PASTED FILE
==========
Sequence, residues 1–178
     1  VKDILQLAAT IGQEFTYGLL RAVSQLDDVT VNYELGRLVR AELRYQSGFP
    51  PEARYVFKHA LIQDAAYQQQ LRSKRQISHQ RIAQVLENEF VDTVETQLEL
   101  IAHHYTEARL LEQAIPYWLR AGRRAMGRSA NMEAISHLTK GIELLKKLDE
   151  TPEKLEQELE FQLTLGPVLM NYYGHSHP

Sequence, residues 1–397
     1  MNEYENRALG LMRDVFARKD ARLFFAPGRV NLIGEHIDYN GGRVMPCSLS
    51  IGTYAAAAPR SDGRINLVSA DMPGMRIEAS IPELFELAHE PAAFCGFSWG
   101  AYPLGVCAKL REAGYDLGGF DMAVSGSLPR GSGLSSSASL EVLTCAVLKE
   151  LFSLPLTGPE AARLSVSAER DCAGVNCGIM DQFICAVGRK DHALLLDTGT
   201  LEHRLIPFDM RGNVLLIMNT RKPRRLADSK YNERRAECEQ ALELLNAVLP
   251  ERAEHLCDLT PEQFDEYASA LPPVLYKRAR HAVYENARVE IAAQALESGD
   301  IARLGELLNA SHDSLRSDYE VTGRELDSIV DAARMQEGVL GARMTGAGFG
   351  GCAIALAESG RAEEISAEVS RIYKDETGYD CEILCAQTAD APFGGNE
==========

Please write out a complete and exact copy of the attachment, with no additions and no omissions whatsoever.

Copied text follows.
Sequence, residues 1–178
     1  VKDILQLAAT IGQEFTYGLL RAVSQLDDVT VNYELGRLVR AELRYQSGFP
    51  PEARYVFKHA LIQDAAYQQQ LRSKRQISHQ RIAQVLENEF VDTVETQLEL
   101  IAHHYTEARL LEQAIPYWLR AGRRAMGRSA NMEAISHLTK GIELLKKLDE
   151  TPEKLEQELE FQLTLGPVLM NYYGHSHP

Sequence, residues 1–397
     1  MNEYENRALG LMRDVFARKD ARLFFAPGRV NLIGEHIDYN GGRVMPCSLS
    51  IGTYAAAAPR SDGRINLVSA DMPGMRIEAS IPELFELAHE PAAFCGFSWG
   101  AYPLGVCAKL REAGYDLGGF DMAVSGSLPR GSGLSSSASL EVLTCAVLKE
   151  LFSLPLTGPE AARLSVSAER DCAGVNCGIM DQFICAVGRK DHALLLDTGT
   201  LEHRLIPFDM RGNVLLIMNT RKPRRLADSK YNERRAECEQ ALELLNAVLP
   251  ERAEHLCDLT PEQFDEYASA LPPVLYKRAR HAVYENARVE IAAQALESGD
   301  IARLGELLNA SHDSLRSDYE VTGRELDSIV DAARMQEGVL GARMTGAGFG
   351  GCAIALAESG RAEEISAEVS RIYKDETGYD CEILCAQTAD APFGGNE